LONDON (Reuters) - Libya’s National Oil Corporation (NOC) expects crude exports to rise to 1.345 million barrels per day (bpd) by the fourth quarter of 2012, indicating the OPEC member’s oil is returning to the international market faster than expected.
The NOC made the forecast in a table entitled “Estimated Daily Production,” which was sent to NOC clients and seen by Reuters on Monday.
The document showed that 813,000 bpd was expected to be available by next month, with the highest output coming from the Sarir and Amna grades. Three oil industry sources confirmed they had received the NOC document.
It comes ahead of negotiations in the next few weeks between the NOC and potential buyers of Libya’s 2012 crude oil exports. Competition is expected to be tough as traders vie for Libya’s prized light, sweet oil exports, worth a nominal $145 million a day at current oil prices.
“Our tenders are now very transparent,” a senior NOC source said on Monday. He added that Libya would accept bids from firms linked to countries that were slow to acknowledge Libya’s interim government.
“We invite Russians and Chinese, but they can’t compete with other (traders) and even integrated companies. They are far away from Libya and we’re in the Mediterranean.”
The NOC has also issued a tender to buy around 8 million tonnes of fuel in 2012, with traders now awaiting the results.
Before the uprising against Muammar Gaddafi began in February, Libya was producing around 1.6 million bpd, of which 1.3 million bpd was exported before fighting caused flows to dry up.
A large portion of current production is going to domestic refineries, which together have the capacity to process nearly a quarter of total output.
The latest data is more conservative than other official Libyan estimates, but these NOC numbers may be more authoritative, given that they were sent directly to clients ahead of key negotiations on 2012 supply contracts.
“I think this is also pretty optimistic,” said an oil trader who received the document.
Greater-than-expected Libyan supplies could exert a bearish influence on Brent crude. The front month contract was trading down $2 at $112.16 a barrel by 1709 GMT.
The NOC chairman told reporters on Sunday that full pre-war output was possible by the end of 2012, and acting prime minister Ali Tarhouni said last week that supplies would be back to pre-conflict levels by about June 2012.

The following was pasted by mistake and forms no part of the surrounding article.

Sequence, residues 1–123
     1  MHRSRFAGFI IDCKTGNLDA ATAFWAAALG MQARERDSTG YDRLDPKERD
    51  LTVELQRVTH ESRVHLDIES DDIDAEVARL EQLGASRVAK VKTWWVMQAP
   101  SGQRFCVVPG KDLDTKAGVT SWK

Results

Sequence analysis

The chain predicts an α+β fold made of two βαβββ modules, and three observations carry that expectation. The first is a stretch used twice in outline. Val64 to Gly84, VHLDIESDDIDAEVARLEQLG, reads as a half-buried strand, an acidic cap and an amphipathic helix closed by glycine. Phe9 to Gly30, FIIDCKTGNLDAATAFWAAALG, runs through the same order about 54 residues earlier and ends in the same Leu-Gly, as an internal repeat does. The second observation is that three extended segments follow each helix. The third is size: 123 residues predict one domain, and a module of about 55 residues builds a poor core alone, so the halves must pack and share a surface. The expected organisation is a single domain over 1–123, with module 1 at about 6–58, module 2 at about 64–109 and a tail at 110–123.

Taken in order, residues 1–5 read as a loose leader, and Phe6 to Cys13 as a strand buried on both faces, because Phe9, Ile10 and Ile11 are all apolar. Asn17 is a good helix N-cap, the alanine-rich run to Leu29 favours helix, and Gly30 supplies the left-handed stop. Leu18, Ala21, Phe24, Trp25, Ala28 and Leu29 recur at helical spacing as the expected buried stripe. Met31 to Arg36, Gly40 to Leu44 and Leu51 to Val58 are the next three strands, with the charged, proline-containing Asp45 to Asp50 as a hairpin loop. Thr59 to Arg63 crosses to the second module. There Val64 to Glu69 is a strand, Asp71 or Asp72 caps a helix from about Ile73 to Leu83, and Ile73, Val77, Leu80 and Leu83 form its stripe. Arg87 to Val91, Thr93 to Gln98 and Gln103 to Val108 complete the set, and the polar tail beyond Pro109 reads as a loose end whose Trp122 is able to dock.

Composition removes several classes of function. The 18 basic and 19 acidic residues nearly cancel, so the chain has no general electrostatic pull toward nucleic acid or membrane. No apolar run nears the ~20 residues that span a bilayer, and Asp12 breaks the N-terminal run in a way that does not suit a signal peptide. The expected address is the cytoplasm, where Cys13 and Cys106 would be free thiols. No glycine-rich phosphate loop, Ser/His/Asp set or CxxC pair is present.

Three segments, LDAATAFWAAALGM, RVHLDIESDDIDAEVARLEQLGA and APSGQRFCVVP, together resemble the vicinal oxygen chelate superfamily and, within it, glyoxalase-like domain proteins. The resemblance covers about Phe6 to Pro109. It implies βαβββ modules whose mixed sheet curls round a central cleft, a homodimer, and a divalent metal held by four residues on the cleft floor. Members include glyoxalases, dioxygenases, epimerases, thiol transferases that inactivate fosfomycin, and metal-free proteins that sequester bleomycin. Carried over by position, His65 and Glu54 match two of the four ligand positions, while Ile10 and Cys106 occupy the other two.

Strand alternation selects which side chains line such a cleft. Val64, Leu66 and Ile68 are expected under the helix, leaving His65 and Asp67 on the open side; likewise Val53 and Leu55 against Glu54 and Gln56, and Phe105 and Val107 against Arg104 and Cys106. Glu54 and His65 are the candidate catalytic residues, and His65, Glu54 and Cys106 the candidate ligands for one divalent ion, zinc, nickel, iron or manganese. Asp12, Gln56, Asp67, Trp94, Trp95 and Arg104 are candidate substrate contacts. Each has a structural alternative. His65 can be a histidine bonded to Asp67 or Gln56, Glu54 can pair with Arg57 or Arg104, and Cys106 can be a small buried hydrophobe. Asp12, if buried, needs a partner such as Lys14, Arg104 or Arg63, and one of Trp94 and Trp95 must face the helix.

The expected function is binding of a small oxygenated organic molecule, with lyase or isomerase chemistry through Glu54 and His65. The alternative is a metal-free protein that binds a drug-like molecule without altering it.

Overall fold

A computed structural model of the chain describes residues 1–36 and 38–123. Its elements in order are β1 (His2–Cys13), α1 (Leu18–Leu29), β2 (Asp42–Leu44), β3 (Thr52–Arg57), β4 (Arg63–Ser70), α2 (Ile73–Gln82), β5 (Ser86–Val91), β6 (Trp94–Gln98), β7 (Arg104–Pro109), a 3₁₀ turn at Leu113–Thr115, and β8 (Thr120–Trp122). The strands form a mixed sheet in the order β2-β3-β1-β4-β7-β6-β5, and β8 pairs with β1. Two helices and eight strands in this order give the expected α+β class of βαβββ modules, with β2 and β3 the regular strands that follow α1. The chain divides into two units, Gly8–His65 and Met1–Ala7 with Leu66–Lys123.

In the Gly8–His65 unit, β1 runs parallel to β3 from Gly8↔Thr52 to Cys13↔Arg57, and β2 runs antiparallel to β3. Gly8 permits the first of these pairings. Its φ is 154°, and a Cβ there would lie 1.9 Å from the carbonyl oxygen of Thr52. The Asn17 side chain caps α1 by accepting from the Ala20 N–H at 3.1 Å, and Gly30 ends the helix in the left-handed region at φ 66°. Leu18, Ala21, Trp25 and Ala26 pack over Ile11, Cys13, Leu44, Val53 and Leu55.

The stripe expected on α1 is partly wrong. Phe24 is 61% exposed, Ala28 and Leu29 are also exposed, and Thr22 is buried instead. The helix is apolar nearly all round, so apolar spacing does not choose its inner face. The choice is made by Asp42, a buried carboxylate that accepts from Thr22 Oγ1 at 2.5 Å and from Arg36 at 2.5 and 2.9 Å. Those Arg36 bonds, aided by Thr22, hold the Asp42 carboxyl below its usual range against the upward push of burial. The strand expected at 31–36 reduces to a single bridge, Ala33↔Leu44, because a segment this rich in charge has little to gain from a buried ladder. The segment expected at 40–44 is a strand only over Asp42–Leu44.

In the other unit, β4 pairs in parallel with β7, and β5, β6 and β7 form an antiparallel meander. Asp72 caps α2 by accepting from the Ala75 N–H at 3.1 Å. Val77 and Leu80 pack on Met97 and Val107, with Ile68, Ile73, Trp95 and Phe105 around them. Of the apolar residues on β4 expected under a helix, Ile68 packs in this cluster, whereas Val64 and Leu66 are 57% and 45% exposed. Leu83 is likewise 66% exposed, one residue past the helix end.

The west’s energy watchdog, the International Energy Agency, said last week that Libyan oil is returning faster than expected but that production was likely to reach only 1.17 million bpd by the fourth quarter of 2012.
The loss of Libya’s prized easy-to-refine oil helped push prices to over $125 a barrel in February, and the still limited volumes on the international market have given support to Brent.
The document also showed that 10 of 11 key grades would be producing by next month, with the Es Sider grade in the Sirte Basin due to come onstream in the first quarter of 2012.
Traders said they had submitted offers to supply Libya with fuel in 2012 following a meeting in Istanbul earlier this month in what is likely to be a test case for the new administration’s ability to do business in international markets.
These tenders include import requirements for 3 million tonnes of gasoline, 3 million tonnes of fuel oil and 2 million tonnes of gasoil in 2012, trade sources said.
Tenders were also issued for supplies during November and December, trade sources said.
Oil product traders said the NOC was asking for open credit terms, which could limit the pool of suppliers and could favour major trading houses such as Glencore (GLEN.L) and Vitol.
“It will probably limit the number of traders who can compete, since not everyone will be able to offer open credit. Others haven’t been paid yet for past deliveries, so they won’t be able to wait forever,” said an oil industry source at a firm competing for a 2012 fuels contract.
Libya is a net exporter of crude, but insufficient refining capacity means that it still has to import products on the international market.
Additional reporting by Humeyra Pamuk in Dubai and Richard Mably in London; Editing by Jane Baird